Tax reform continues its long and winding road through Washington. The full House is expected to complete a vote this week that paves the way for substantive tax work to begin in the House Ways and Means Committee. The major outstanding question facing lawmakers: how should our country pay for proposed tax cuts that are estimated to total $1.5 trillion over the next decade? Most House members favor “deficit-neutral” tax reform, i.e., paying for the tax cuts with reduced spending or with other tax increases, ultimately resulting in no impact to our country’s deficit. Some Senate members favor “deficit-financed” tax reform, i.e., passing tax cuts that mathematically would add as much as $1.5 trillion to our deficit, but instead believing that the tax cuts will pay for themselves through economic growth (source: BTN Research).
The budget deficit for the USA in fiscal year 2017 (i.e., the 12 months ending 9/30/17) was $666 billion. The USA has run a budget deficit in 52 of the last 57 fiscal years, i.e., 1961-2017. 60% of the $3.981 trillion of total outlays for the US government during fiscal year 2017 were in just 4 categories – Social Security, National Defense, Medicare and Net Interest Expense (source: Treasury Department).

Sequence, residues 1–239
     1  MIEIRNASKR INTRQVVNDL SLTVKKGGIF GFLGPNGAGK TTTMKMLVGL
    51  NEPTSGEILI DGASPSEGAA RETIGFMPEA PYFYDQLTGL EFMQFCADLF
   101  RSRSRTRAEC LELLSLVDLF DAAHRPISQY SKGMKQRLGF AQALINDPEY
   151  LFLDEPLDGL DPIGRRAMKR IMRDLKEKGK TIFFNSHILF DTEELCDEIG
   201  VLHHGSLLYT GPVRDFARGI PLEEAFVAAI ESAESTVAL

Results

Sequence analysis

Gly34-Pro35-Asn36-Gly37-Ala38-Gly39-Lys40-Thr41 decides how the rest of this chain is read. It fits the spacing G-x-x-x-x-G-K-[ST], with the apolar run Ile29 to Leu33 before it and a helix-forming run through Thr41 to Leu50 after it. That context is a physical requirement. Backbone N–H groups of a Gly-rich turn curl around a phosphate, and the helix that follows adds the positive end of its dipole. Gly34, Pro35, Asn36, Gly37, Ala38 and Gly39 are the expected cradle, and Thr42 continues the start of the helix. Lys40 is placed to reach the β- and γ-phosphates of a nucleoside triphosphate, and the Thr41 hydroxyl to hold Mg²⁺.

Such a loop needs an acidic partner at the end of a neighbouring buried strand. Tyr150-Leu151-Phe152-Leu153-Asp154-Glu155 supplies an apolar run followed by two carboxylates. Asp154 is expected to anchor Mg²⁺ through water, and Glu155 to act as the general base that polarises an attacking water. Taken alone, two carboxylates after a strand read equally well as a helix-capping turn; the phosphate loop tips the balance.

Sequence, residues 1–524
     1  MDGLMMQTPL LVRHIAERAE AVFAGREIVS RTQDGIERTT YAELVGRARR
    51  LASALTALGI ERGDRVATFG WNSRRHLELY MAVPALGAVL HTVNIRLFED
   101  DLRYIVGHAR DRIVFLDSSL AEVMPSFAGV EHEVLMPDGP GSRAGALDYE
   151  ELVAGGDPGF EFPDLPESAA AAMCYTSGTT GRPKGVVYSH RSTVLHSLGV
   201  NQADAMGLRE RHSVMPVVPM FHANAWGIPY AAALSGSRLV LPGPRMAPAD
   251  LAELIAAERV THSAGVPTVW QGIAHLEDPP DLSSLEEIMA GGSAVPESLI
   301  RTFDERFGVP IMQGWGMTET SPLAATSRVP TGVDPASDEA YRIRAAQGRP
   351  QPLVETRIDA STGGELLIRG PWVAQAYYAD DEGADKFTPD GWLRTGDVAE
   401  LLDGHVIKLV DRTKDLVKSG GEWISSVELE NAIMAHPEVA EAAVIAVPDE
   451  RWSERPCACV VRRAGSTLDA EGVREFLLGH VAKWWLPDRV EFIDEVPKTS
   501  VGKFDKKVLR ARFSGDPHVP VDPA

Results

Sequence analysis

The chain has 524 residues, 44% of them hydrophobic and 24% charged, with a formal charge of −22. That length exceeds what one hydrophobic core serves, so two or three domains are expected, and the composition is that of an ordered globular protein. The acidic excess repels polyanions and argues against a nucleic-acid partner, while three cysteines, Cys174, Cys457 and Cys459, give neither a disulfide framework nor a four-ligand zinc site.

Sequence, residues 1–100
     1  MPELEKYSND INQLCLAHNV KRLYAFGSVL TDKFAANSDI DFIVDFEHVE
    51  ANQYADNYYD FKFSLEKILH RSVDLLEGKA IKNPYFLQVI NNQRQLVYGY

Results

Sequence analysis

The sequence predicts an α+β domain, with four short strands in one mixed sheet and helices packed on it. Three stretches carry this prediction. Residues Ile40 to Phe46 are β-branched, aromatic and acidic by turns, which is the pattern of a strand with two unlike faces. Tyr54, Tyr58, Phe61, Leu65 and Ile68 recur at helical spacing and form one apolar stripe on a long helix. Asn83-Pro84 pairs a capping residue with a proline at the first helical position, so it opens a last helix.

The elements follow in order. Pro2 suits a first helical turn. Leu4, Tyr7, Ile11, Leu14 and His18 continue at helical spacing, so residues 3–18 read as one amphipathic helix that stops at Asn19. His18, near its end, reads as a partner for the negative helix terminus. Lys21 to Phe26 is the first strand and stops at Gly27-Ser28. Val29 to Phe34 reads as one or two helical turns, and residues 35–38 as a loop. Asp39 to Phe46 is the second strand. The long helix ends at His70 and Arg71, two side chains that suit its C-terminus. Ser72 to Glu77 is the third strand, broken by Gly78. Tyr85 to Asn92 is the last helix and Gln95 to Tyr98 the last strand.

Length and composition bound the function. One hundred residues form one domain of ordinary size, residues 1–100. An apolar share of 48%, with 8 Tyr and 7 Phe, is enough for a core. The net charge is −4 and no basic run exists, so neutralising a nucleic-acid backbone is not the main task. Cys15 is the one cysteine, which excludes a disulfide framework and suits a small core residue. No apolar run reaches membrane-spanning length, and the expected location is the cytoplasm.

The S&P 500, up +16.9% YTD, has been positive in each of the first 9 months of 2017, matching the 9-month start to a year last achieved in 1995. With just 7 trading days remaining in the tenth month of the year (October), the index is up +2.3% (total return) for the month-to-date (source: BTN Research).
Notable Numbers for the Week:
1. IF IT HAPPENED TODAY - When the S&P 500 fell 58 points on “Black Monday” (10/19/87), the tumble represented a fall of 20.5%. A 20.5% decline on last Friday’s (10/20/17) closing index value of 2575 would equate to a fall of 528 points (source: BTN Research).
2. LOOKING INTO THE FUTURE – Just 1 of 10 Wall Street equity strategists polled by Barron’s on 12/17/16 forecasted a year-end 2017 closing value for the S&P 500 above 2500. The S&P 500 index closed last Friday (10/20/17) at 2575 (source: Barron’s).
3. NOT ENOUGH PEOPLE - Japan, a country that has strict immigration policies and a low birth rate, had a population of 128 million in 2010. Japan’s population is projected to fall 34% to 85 million by the year 2100 (source: The Brookings Institute).
4. LESS OIL DEPENDENT – US imports of crude oil for the week ending 9/08/17 were 6.48 million barrels a day. In the last 20 years, there has been only 1 week when the USA imported less than 6.48 million barrels a day of crude oil (source: Department of Energy).
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